‘For-Profit’ Biodiversity Conservation

Mainstream environmentalism and critical scholarship are abuzz with the promise and perils (respectively) of what we call ‘for-profit biodiversity conservation’: attempts to make conserving biodiverse ecosystems profitable to large-scale investment. But to what extent has private capital been harnessed and market forces been enrolled in a thoroughly re-made conservation? In this paper we examine the size, scope, and character of international for-profit biodiversity conservation. Despite exploding rhetoric around environmental markets over the last two decades, the capital flowing into market-based conservation remains small, geographically constrained, illiquid, and typically seeks little to no profit. This marginal character of for-profit conservation suggests that this project continues to ‘under-perform’ as a site of accumulation and as a conservation financing strategy. Such evidence is at odds with the way this sector is commonly portrayed in mainstream environmental conservation literature, but also with some critical geographical scholarship. We present a more puzzling situation: while for-profit conservation has long been promoted as a logical, ‘easy fix’ to ecological degradation, it remains negligible to and largely outside of global capital flows. We argue that this project has important consequences, but we understand its effects in terms of how it re-affirms narrowed, antipolitical explanations of biodiversity loss, instils neoliberal political rationalities among conservationists, and forecloses alternative and progressive possibilities capable of resisting status quo logics of accumulation.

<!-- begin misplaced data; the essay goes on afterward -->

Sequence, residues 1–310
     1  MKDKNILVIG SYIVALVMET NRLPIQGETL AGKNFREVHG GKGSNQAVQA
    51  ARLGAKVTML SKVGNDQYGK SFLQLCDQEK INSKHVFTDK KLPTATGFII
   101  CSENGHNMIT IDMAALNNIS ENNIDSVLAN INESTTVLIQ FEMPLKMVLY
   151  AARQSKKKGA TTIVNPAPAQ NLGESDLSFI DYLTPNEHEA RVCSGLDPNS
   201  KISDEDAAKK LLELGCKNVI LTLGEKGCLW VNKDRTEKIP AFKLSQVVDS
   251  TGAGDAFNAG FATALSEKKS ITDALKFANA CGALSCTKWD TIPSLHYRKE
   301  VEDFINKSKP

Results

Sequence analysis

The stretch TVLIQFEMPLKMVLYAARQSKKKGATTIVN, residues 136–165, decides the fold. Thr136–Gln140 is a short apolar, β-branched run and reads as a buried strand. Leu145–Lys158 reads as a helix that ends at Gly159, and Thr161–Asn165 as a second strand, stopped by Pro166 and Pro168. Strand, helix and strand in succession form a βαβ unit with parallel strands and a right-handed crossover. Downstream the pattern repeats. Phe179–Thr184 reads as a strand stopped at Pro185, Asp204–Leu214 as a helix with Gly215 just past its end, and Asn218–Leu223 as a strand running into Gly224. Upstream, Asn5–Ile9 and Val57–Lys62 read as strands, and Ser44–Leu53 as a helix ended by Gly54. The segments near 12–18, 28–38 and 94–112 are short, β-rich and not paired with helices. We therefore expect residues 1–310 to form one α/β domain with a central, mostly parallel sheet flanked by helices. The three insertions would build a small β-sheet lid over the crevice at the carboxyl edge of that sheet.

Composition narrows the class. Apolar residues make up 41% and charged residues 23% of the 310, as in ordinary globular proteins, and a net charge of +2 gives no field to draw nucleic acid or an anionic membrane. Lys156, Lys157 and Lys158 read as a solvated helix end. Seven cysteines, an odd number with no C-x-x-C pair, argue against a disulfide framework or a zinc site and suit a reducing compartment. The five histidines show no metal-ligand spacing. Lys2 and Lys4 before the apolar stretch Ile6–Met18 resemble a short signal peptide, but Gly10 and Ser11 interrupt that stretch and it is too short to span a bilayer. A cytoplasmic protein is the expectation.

I am currently preparing an analysis of existing biodiversity conservation finance, with a particular emphasis on understanding the global scale and shape of market-based, profit-driven investment in this emerging sector. I have been conducting this research with funding from a SSHRC grant in collaboration with project PI Dr. Jessica Dempsey and with support from the International Institute for Applied Systems Analysis (IIASA). (Image from the 3rd Edition of the Little Biodiversity Finance Book).